In the weeks since the virus spread around the world, multiple accounts of discrimination against Chinese nationals or anyone who looks East Asian have emerged, including from Asia and Chinese-majority societies.
Asian minorities and Chinese nationals say virus-related racism and xenophobia have thrived.
The growing affluence of the Chinese has also resulted in ever-increasing numbers of tourists and students visiting and living in various parts of the world, leading to a higher visibility on the ground. Sporadic reports of bad behaviour coupled with their sheer numbers have given rise to stereotypes of the boorish Chinese tourist
Headlines such as “Yellow peril’, “Chinese virus panda-monium” and “China kids stay home” have appeared in French and Australian newspapers.
With news that the virus originated from a wet market that sold wildlife, and possibly mutated from a virus carried by bats, the usual jokes about Chinese people eating anything that moves have been trotted out.
In Asia, the anti-Chinese rhetoric here has also taken on a deeper and possibly more xenophobic tone. One common theme has been a suspicion of mainland Chinese overrunning and infecting local populations.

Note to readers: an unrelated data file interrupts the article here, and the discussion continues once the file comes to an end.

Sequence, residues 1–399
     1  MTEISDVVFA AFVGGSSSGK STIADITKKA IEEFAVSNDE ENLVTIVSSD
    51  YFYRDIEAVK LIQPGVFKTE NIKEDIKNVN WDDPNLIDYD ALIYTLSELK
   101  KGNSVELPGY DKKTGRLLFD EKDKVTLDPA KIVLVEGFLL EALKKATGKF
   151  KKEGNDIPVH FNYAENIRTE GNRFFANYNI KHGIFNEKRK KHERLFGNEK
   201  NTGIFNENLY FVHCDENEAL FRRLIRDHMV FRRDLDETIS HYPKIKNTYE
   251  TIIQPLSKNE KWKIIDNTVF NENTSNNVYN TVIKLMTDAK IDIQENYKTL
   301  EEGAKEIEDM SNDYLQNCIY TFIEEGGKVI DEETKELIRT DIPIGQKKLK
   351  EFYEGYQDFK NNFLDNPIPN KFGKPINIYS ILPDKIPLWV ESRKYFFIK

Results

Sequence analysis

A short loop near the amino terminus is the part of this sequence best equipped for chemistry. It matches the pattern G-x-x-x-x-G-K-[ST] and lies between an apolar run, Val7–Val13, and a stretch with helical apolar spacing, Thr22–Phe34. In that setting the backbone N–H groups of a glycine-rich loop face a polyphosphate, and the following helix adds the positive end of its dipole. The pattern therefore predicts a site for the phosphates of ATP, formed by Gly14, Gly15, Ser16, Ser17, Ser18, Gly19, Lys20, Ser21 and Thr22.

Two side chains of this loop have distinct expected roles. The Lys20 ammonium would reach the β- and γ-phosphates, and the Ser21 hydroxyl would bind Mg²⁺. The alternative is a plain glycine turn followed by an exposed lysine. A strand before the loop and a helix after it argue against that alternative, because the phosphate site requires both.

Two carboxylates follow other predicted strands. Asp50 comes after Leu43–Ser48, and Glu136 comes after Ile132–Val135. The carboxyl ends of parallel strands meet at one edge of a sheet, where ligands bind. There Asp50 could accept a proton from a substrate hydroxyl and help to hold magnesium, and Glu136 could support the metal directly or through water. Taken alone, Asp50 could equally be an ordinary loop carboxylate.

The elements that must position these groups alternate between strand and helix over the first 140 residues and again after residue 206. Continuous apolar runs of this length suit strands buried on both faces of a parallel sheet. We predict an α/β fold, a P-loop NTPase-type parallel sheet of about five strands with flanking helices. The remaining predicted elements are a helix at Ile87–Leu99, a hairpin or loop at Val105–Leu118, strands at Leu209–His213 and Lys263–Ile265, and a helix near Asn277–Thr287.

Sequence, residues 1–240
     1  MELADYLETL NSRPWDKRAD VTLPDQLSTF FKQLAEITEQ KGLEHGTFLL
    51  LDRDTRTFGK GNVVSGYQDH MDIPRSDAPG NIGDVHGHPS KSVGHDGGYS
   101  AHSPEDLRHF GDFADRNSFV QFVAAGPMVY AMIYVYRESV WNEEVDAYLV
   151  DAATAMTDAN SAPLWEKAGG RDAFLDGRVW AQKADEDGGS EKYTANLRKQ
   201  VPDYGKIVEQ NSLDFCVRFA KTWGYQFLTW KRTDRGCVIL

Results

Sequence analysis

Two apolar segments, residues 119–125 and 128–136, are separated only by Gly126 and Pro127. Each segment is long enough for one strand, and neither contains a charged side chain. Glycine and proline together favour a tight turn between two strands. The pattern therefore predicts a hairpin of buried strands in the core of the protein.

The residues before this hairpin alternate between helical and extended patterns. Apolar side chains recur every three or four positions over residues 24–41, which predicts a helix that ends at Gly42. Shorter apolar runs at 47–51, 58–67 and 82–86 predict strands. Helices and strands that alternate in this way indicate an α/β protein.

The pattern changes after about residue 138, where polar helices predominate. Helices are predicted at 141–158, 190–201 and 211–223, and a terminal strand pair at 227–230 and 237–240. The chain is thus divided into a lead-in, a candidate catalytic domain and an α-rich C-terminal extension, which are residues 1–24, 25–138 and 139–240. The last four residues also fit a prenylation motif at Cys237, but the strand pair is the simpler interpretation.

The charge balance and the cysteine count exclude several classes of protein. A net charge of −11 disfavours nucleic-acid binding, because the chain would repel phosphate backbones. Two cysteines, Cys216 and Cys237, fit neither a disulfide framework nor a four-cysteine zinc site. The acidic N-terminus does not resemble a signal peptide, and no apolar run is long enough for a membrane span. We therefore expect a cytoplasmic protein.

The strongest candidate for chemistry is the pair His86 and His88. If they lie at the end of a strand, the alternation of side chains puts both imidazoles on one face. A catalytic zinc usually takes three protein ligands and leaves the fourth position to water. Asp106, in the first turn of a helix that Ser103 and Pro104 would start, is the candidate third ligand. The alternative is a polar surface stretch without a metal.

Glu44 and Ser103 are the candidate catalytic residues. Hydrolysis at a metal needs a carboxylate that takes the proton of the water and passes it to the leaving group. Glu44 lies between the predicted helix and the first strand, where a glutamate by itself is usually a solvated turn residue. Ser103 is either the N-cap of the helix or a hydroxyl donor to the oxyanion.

In Singapore and Malaysia, hundreds of thousands have signed online petitions calling for a total ban on Chinese nationals from entering their countries – and both countries’ governments have put in place some form of entry ban. In Japan, some have labelled the Chinese as “bio-terrorists” while conspiracy theories about the Chinese infecting locals, particularly Muslims, have proliferated in Indonesia and elsewhere.
Reports of anxiety and despair over discrimination are deepening for many overseas Chinese and Asian minorities, as the outbreak continues with no end in sight. “I feel scared,” said Sammi, the make-up artist in Berlin. She plans to avoid going out for the next few weeks.
It isn’t just her experience at the doctor’s that has spooked her. A German-Asian friend was recently harassed at a train station, while a Chinese woman was brutally attacked on her way home, with Berlin police classifying it as a racist incident. The woman claimed on Chinese social media that she was called “a virus” and was beaten up after she fought back.
“I don’t want to quarrel with people when they call me a virus. All they know is what they read in the papers, you can’t change their mind,” said Sammi.
“Even if I show them my visa, tell them I’m a permanent resident, all that doesn’t matter. Because all they see is my Chinese face.”